For Caritas, despite the refugee crisis, solidarity prevails among Lebanon’s families

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In a country of “limited resources”, where the government “is no longer able to cope with this situation,” the emergency “remains high”, said Fr Paul Karam. Despite the bleak picture, there are some rays of hope. People help each other: young Christians and Muslims meet; families show their solidarity in small deeds; and parishes provide children with moments of leisure and celebration.

Beirut (AsiaNews) – For Fr Paul Karam, director of Caritas Lebanon, the refugee emergency “remains high” in the country. Faced with “limited resources”, a government that “is no longer able to cope with this situation,” and an “ongoing economic and institutional crisis,” the “country finds itself on the brink of collapse”.

Speaking to AsiaNews, he said that the local Caritas has led the way for more than four years in helping Syrian and other refugees entering the country in a never-ending flow.

Indeed, despite the emergency, there are “examples of solidarity, of people helping each other;” situations “in which young Christians and Muslims meet and talk to each other”. This keeps hope for the future alive.

According to United Nations figures, some 1.2 million Syrians fled to Lebanon in more than four years of war. However, these are only those who have registered with its agencies. Other sources say that Lebanon has taken in nearly 1.6 million Syrian refugees. In addition, there are at least 700 Iraqi Christian families from Baghdad, Mosul and Erbil as well as tens of thousands of Palestinians from Syria.

Thus, the country of 4.4 million people is confronted with major demographic, economic, political, and security challenges, and finds it increasingly difficult to handle the situation. And things have not changed that much lately.

Refugees increasingly “want to flee, go to Europe, above all Germany.” The risk that the Middle East might be emptied of its Christian communities remains high. For this reason, the Church continues to “encourage the international community to engage in dialogue, peace, justice and mutual respect.”

“In the meantime, needs remain high, whilst the means to meet them are limited,” Fr Karam explained. “For this reason, if there are safe regions in the war-torn countries, we should encourage people to come back.”

Ultimately, for the clergyman, the Arab Spring has failed, causing destruction, wars, arms race and aggravated the economic and social crises in the various countries of the region.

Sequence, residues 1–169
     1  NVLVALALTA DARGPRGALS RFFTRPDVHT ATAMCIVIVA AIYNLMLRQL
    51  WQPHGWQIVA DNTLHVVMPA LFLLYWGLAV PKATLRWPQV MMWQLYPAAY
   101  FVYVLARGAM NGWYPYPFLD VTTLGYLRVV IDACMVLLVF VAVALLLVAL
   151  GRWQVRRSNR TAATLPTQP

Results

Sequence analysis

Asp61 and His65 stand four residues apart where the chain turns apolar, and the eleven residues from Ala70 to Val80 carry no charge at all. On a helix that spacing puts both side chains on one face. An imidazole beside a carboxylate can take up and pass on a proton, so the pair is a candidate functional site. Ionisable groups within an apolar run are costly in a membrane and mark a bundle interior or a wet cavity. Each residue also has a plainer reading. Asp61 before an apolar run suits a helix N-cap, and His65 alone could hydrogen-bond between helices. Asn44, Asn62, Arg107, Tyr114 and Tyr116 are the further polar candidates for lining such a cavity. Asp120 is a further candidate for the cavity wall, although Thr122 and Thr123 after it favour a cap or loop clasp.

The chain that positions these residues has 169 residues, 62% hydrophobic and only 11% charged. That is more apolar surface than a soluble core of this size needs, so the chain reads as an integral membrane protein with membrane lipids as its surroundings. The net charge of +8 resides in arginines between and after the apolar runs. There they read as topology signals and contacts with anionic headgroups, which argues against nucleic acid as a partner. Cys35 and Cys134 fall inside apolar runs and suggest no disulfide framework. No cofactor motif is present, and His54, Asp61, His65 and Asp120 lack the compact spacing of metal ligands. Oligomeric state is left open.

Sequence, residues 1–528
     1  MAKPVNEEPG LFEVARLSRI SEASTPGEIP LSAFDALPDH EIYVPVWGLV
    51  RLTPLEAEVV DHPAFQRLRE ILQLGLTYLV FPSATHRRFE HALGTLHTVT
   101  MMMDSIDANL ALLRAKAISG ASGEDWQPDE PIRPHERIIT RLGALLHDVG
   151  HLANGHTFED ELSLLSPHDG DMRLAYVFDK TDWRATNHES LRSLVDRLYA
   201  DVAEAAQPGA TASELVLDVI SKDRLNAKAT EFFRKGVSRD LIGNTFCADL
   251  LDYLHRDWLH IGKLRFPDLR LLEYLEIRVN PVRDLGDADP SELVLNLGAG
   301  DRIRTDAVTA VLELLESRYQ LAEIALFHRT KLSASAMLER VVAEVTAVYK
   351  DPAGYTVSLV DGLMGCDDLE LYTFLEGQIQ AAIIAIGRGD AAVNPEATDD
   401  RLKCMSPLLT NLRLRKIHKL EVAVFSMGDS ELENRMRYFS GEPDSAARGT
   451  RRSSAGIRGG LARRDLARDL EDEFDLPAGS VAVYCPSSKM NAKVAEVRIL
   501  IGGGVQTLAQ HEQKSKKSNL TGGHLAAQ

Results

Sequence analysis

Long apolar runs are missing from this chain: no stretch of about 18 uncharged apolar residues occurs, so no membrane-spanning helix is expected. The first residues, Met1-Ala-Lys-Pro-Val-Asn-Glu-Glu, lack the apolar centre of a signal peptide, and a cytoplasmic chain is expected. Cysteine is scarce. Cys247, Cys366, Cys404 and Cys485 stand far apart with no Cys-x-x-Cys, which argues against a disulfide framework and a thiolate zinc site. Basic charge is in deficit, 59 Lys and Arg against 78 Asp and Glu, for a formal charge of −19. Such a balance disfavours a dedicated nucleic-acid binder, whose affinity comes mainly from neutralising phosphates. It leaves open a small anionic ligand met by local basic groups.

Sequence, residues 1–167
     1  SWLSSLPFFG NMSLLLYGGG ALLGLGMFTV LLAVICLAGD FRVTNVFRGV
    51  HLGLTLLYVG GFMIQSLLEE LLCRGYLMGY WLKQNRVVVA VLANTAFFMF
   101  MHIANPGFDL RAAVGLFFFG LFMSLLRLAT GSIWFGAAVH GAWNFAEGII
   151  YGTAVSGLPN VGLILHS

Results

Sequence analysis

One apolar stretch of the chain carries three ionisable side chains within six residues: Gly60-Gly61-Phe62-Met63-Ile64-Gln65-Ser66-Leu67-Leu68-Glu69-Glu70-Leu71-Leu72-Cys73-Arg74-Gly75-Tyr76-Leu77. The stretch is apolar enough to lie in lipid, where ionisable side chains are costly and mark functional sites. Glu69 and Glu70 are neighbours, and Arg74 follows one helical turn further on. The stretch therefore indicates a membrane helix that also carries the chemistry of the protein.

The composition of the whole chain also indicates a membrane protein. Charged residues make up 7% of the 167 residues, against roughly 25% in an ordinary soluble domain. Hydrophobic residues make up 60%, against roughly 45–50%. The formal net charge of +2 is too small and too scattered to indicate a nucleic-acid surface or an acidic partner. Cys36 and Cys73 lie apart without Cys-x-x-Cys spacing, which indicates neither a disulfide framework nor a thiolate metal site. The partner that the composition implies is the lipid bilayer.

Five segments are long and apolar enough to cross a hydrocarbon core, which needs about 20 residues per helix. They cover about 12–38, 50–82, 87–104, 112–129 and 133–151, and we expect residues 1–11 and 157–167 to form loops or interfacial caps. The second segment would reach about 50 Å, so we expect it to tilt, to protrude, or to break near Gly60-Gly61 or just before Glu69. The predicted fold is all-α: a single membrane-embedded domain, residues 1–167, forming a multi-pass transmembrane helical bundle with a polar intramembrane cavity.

Caritas Lebanon remains committed to relief work, providing food aid but also psychological support and encouragement for Christian-Muslim dialogue, especially among young people.

“Since the summer,” Fr Karam explained, “we have encouraged dialogue by organising meetings between young Christian and Muslim refugees from Syria, Iraq and Lebanon itself. The goal is to show them how to build countries based on coexistence, and that people can talk to each other.”

“What we call peace building has been met by a positive response,” he added. “Young people want to contribute to this process, by getting rid of the fear of others.”

In this context of crisis, the people of Lebanon “still harbour great hope and continue to show their solidarity”, even if “families are getting increasingly poor and the refugee emergency is bringing the country closer to the brink.”

“We need a miracle,” he said. “In this year of mercy, we want to encourage people to go forward, and live in hope as a people and as Christians”.

For Christmas, many of Lebanon’s parishes and dioceses have promoted significant initiatives “to reiterate the message of hope.” For instance, “many families took part in fundraising activities to buy food, basic necessities and gifts for the poor,” Caritas Lebanon’s director said.

“Despite it being a difficult time for everyone, solidarity among people has not diminished. Many parishes organised celebrations and leisure time for children, animated by young people and Caritas volunteers.”

“I believe in peace based on justice and respect,” Fr Karam noted. And “The international community has a duty to resolve the crisis, easing tensions through diplomatic channels, not at the detriment of poor people.”,-despite-the-refugee-crisis,-solidarity-prevails-among-Lebanon%E2%80%99s-families-36345.html